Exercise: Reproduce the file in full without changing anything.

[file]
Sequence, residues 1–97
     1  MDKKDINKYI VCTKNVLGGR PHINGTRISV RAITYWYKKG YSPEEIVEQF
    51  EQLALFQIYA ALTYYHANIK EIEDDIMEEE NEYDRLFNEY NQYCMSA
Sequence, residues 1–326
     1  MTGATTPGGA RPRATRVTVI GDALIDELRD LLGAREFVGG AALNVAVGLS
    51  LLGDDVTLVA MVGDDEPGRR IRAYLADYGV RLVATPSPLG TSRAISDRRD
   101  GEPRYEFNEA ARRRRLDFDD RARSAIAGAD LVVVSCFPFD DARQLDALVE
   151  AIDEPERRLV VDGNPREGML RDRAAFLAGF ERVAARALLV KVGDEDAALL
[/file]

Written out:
Sequence, residues 1–97
     1  MDKKDINKYI VCTKNVLGGR PHINGTRISV RAITYWYKKG YSPEEIVEQF
    51  EQLALFQIYA ALTYYHANIK EIEDDIMEEE NEYDRLFNEY NQYCMSA
Sequence, residues 1–326
     1  MTGATTPGGA RPRATRVTVI GDALIDELRD LLGAREFVGG AALNVAVGLS
    51  LLGDDVTLVA MVGDDEPGRR IRAYLADYGV RLVATPSPLG TSRAISDRRD
   101  GEPRYEFNEA ARRRRLDFDD RARSAIAGAD LVVVSCFPFD DARQLDALVE
   151  AIDEPERRLV VDGNPREGML RDRAAFLAGF ERVAARALLV KVGDEDAALL